- A set of six lager glasses with gold rims
- A set of three pictures
- A cigarette box with a paisley pattern lid
- Stainless steel salad servers
- A gent's brush and comb set
Green Shield Stamps in the 70s
In the 70s the Green Shield Stamp Catalogue sold a dream of a more relaxed, informal lifestyle. Gone was the glitz and glamour of the 60s. In 1976 top gifts were:
- Philips Colour TV - 375 books
- Lec Chest Freezer - 140 books
- Creda Starlight cooker - 115 books
- Hotpoint Automatic washing machine - 185 books
- Car - any British make or model - ask for a quotation
Richard Tompkins, who brought Green Shield Stamps to the UK, launched the Argos Catalogue Showroom as a spin-off in 1973.
Green Shield Stamps were less popular in the later 70s. Competition from the new supermarket, Kwik Save, made Tesco stop giving away stamps and concentrate on value. Customers realised that they were ultimately paying for the gifts and chose cheaper prices.
More on Green Shield Stamps
If you fancy reliving your memories of Green Shield Stamps in the 60s and 70s you can buy them on eBay. Look for and
Add your comments on Green Shield Stamps
I wonder what happened to the models in it?" Jean 20/10/2012
I've got 1973 and 1978 an neither of those seem to match what you describe. There is a green budgie in the 1973 one.
Best regards" Steven 05/05/2014
The books were a very dark green a cheap type of thick paper and the glue on the stamps was poor. Whether this was an initial trial in the area I do not know but I do remember collecting them from a small grocery shop." Tel 13/09/2014
Am I the only one who got a wife from Green Shield Stamps ?
I married the Area Managers Secretary Jackie in 1963 !!" francis 12/11/2014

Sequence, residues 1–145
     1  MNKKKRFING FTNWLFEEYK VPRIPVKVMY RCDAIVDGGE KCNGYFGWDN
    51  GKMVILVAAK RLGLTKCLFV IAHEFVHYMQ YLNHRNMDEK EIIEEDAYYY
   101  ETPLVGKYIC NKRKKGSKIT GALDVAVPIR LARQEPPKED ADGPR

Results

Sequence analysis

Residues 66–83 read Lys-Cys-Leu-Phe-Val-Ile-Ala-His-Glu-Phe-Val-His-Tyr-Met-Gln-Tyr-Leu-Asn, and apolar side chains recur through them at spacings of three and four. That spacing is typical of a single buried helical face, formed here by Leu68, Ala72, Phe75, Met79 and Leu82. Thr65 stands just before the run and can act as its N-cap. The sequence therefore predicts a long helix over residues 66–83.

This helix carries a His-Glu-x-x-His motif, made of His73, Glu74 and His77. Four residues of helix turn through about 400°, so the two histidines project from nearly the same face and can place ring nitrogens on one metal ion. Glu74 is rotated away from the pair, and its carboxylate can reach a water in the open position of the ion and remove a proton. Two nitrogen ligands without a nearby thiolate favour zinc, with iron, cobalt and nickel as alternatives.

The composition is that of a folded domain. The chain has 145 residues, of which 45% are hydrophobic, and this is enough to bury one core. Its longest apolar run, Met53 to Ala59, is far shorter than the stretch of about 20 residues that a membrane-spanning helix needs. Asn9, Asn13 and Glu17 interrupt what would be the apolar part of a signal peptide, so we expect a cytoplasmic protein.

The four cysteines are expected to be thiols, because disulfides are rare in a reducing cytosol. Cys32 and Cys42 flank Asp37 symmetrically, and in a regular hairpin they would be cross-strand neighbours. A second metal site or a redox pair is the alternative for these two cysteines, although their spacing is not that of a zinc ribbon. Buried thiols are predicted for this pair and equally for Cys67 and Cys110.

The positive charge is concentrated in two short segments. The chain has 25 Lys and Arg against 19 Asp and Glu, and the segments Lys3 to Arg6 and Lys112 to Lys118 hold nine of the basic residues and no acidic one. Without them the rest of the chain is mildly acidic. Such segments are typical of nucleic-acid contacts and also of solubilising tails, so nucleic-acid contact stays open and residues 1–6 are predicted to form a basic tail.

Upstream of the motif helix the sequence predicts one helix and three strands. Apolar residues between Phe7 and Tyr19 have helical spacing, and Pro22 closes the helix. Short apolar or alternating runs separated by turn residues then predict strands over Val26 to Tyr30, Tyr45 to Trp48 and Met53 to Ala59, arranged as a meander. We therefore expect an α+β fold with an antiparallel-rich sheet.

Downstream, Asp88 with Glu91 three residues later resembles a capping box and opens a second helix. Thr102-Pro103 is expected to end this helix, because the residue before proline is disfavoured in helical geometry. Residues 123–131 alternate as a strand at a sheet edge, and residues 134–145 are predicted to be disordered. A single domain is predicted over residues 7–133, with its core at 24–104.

I used to replace the petrol station aluminium box signs on the main pole, i.e. Shell, BP, National, Esso etc. then I would add self adhesive stickers, Double, Treble, Quad. Tesco stores were the hardest because you had to stick a self adhesive banner along the top of the window, each sticky plastic banner was about 4 feet long so a 40 foot window needed 10 banners end to end, of course cleaning off the old dried up banners was a real chore, then clean of the old sticky residue with thinners, awful task. Inside the store you hung large cardboard banners from nylon filament and bunches of balloons on promotional stunts. I got to travel all over southern England staying at good quality hotels, they gave me a brand new van Thames 15 cwt to start with then later a diesel Transit van, worked from home and got all my communications by post, hotel bookings, work assignments, staff meetings to attend etc. Once the whole display team went to Dublin to cover all the Williams supermarkets there. I'm now almost 71 and I have very fond memories of my time with Green Shield stamps, for such a big institution and a way of life in the 60's & 70's there really isn't that much out there about it's history (we were told that it was one of the ten fastest or largest? growing companies at that time), I've tried to rectify that lack of information here with this tedious monologue, hoping that I've enlightened some of you about this part of Britain's lost history." Tony West 22/08/2015